9 de setembro de 2013 às 6:14 PM
deva-dviṣāṁ nigama-vartmani niṣṭhitānāṁ
pūrbhir mayena vihitābhir adṛśya-tūrbhiḥ
lokān ghnatāṁ mati-vimoham atipralobhaṁ
veṣaṁ vidhāya bahu bhāṣyata aupadharmyam
Word for word:
deva-dviṣām — of those who were envious of the devotees of the Lord; nigama — the Vedas; vartmani — on the path of; niṣṭhitānām — of the well situated; pūrbhiḥ — by rockets; mayena — made by the great scientist Maya; vihitābhiḥ — made by; adṛśya-tūrbhiḥ — unseen in the sky; lokān — the different planets; ghnatām — of the killers; mati-vimoham — bewilderment of the mind; atipralobham — very attractive; veṣam — dress; vidhāya — having done so; bahu bhāṣyate — will talk very much; aupadharmyam — subreligious principles.
When the atheists, after being well versed in the Vedic scientific knowledge, annihilate inhabitants of different planets, flying unseen in the sky on well-built rockets prepared by the great scientist Maya, the Lord will bewilder their minds by dressing Himself attractively as Buddha and will preach on subreligious principles.
This incarnation of Lord Buddha is not the same Buddha incarnation we have in the present history of mankind. According to Śrīla Jīva Gosvāmī, the Buddha incarnation mentioned in this verse appeared in a different Kali age. In the duration of life of one Manu there are more than seventy-two Kali-yugas, and in one of them the particular type of Buddha mentioned here would appear. Lord Buddha incarnates at a time when the people are most materialistic and preaches commonsense religious principles. Such ahiṁsā is not a religious principle itself, but it is an important quality for persons who are actually religious. It is a commonsense religion because one is advised to do no harm to any other animal or living being because such harmful actions are equally harmful to he who does the harm. But before learning these principles of nonviolence one has to learn two other principles, namely to be humble and to be prideless. Unless one is humble and prideless, one cannot be harmless and nonviolent. And after being nonviolent one has to learn tolerance and simplicity of living. One must offer respects to the great religious preachers and spiritual leaders and also train the senses for controlled action, learning to be unattached to family and home, and enacting devotional service to the Lord, etc. At the ultimate stage one has to accept the Lord and become His devotee; otherwise there is no religion. In religious principles there must be God in the center; otherwise simple moral instructions are merely subreligious principles, generally known as upadharma, or nearness to religious principles.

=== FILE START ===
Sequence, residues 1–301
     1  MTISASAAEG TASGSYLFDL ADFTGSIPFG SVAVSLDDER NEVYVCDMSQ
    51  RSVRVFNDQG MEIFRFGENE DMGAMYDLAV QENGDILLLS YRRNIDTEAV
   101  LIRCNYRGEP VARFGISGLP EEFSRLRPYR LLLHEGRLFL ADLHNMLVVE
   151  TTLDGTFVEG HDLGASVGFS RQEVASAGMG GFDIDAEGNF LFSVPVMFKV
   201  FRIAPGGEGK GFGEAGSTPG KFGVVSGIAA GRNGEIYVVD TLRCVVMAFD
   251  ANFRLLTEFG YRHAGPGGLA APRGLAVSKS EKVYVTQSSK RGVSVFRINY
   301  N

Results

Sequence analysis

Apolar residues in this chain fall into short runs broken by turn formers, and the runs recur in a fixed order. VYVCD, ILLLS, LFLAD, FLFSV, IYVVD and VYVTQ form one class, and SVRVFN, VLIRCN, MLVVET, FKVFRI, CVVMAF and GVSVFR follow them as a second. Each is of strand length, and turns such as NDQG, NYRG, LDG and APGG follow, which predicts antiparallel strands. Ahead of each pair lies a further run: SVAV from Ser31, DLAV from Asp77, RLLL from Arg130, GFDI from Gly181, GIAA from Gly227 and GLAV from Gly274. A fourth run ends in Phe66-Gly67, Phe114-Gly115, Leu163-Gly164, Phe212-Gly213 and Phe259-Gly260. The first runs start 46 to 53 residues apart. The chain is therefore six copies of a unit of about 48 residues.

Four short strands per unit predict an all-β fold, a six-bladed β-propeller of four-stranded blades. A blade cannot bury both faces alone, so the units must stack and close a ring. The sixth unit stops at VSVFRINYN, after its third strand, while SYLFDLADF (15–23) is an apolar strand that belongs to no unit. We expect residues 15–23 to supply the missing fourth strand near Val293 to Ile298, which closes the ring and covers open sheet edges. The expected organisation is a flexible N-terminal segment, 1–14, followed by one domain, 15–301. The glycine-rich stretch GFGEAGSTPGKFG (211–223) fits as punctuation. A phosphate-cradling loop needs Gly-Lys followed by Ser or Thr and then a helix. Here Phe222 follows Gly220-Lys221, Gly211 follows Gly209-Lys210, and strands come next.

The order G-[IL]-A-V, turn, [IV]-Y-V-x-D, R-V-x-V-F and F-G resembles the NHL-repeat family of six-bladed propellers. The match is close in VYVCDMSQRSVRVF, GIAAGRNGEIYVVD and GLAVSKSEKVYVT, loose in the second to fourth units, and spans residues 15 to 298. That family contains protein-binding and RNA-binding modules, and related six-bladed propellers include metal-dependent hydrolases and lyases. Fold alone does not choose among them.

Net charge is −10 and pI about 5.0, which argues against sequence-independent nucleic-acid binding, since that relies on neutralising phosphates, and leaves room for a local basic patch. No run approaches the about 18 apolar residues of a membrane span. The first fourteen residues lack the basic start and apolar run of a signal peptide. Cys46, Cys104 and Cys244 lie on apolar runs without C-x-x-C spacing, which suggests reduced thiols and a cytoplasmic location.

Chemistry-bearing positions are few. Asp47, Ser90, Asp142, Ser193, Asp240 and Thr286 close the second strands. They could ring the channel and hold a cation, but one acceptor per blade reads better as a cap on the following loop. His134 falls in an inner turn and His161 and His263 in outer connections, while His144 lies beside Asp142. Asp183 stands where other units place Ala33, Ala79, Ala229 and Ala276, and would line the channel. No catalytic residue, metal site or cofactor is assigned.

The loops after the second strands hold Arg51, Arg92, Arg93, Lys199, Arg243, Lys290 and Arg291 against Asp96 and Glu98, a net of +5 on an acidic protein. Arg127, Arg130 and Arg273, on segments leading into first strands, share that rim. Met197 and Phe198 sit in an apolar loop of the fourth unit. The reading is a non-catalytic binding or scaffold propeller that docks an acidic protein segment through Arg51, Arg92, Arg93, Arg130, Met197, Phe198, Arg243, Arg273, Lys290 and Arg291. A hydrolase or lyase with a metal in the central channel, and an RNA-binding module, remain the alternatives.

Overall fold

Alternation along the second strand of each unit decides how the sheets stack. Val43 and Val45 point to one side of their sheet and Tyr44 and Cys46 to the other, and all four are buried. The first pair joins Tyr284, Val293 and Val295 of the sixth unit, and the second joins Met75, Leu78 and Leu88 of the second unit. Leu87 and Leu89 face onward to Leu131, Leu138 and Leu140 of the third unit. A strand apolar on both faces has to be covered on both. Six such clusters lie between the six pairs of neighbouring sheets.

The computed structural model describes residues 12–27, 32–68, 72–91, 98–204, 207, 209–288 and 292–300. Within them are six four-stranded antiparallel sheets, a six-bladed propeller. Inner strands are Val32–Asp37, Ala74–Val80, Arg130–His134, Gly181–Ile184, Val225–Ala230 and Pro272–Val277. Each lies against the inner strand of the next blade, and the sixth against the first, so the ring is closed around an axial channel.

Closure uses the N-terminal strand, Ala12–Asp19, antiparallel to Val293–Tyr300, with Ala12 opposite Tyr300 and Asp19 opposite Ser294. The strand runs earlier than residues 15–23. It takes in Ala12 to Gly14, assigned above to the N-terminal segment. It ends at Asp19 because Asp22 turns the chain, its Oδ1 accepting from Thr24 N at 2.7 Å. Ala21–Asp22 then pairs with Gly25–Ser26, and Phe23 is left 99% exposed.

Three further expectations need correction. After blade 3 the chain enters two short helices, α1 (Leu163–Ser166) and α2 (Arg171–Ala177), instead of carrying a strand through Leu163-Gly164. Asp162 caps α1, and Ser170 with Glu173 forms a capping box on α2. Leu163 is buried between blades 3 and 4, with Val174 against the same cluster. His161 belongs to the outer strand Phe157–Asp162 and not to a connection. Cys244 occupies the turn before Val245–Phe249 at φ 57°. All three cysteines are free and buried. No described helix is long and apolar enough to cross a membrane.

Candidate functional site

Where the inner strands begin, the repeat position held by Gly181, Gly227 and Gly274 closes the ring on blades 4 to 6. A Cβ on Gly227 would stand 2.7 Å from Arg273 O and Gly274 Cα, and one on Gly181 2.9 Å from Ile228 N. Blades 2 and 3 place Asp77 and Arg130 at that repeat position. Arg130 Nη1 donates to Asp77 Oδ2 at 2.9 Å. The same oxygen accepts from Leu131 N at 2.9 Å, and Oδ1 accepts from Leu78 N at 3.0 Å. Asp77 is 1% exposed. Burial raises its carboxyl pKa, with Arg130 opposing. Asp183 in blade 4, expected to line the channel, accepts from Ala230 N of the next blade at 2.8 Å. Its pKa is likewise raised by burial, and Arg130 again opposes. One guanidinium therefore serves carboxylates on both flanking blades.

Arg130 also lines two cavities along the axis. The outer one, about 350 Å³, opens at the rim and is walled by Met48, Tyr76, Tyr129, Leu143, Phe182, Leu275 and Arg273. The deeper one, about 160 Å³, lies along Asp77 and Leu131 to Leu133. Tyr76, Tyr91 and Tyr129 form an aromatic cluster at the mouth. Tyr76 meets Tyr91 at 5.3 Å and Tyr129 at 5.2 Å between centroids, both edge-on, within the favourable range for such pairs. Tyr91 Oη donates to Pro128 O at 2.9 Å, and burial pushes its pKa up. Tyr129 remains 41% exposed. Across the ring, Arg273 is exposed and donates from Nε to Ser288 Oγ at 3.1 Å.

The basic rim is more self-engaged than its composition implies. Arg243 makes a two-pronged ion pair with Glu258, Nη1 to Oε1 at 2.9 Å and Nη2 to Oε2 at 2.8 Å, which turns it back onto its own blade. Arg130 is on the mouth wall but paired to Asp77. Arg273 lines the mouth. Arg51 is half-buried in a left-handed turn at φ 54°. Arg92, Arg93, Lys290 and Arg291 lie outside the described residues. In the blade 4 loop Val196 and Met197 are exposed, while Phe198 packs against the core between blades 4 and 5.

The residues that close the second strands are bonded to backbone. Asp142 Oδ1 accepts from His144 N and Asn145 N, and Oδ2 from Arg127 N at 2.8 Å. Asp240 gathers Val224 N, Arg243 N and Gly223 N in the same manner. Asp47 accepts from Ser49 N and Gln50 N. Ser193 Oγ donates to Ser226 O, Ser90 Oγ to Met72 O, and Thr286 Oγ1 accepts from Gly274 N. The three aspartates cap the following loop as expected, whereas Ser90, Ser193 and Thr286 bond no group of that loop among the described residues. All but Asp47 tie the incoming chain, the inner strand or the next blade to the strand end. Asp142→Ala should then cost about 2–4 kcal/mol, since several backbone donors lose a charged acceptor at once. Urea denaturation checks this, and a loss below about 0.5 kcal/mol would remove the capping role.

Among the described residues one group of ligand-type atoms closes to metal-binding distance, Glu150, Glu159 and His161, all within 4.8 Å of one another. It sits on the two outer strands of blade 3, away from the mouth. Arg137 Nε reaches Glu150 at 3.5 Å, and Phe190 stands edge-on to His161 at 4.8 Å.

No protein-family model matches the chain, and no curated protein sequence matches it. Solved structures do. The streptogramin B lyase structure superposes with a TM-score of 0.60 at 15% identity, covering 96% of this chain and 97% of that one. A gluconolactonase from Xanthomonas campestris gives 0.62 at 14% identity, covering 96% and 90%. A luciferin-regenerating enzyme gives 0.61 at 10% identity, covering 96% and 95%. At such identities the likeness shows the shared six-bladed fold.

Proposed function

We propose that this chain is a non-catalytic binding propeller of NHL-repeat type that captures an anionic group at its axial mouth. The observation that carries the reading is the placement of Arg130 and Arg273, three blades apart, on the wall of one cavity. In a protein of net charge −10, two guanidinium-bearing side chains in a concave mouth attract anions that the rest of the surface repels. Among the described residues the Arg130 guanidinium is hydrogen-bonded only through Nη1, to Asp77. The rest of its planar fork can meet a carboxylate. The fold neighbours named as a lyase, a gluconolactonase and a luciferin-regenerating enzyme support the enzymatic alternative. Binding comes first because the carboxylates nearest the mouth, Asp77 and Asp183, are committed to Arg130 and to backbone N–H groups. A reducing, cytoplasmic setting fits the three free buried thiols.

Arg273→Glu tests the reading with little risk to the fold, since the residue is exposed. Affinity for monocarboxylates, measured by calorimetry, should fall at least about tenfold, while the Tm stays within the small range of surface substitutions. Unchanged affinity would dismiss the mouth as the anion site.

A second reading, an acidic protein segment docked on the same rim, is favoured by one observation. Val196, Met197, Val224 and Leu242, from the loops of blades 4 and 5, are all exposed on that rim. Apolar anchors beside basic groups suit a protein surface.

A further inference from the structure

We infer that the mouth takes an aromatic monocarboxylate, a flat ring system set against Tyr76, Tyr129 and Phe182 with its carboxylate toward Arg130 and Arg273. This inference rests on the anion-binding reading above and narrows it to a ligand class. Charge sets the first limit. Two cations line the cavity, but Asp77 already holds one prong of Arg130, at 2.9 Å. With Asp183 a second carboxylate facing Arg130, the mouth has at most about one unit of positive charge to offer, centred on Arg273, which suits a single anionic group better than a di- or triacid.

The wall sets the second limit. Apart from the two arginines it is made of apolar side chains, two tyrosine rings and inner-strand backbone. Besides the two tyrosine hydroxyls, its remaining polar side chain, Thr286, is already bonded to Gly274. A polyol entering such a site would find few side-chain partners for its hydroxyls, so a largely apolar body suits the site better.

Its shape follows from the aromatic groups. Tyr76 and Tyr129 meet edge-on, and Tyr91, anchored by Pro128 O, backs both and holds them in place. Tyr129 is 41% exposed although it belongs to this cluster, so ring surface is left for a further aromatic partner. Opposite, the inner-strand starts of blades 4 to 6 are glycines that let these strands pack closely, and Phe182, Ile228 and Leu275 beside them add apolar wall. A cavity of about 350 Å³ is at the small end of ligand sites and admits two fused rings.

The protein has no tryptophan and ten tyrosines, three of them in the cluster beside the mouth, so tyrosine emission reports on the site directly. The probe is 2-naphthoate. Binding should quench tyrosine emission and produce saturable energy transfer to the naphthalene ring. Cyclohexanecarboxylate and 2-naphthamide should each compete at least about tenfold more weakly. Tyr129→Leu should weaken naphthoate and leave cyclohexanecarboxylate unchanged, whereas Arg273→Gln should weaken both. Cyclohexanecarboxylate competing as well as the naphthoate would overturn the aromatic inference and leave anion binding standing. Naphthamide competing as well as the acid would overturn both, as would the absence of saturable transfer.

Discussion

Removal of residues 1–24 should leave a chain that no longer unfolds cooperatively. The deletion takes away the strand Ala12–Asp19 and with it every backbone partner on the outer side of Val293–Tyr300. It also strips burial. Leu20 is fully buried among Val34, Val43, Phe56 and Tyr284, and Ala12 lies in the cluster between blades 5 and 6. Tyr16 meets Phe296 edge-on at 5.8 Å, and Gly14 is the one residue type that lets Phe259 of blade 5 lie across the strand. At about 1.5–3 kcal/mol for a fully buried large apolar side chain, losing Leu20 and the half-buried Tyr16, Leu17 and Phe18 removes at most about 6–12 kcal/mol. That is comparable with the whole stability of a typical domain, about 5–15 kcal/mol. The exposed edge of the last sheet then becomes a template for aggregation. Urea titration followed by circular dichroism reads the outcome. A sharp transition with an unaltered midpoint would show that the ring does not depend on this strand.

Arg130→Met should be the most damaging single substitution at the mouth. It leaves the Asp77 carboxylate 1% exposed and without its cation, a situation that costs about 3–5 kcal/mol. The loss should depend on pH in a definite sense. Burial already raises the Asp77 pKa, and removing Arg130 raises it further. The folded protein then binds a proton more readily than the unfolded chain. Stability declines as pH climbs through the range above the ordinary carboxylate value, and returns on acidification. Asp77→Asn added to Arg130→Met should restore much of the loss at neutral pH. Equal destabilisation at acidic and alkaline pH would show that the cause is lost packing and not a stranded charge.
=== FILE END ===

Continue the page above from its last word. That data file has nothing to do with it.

20 de setembro de 2014 às 3:33 AM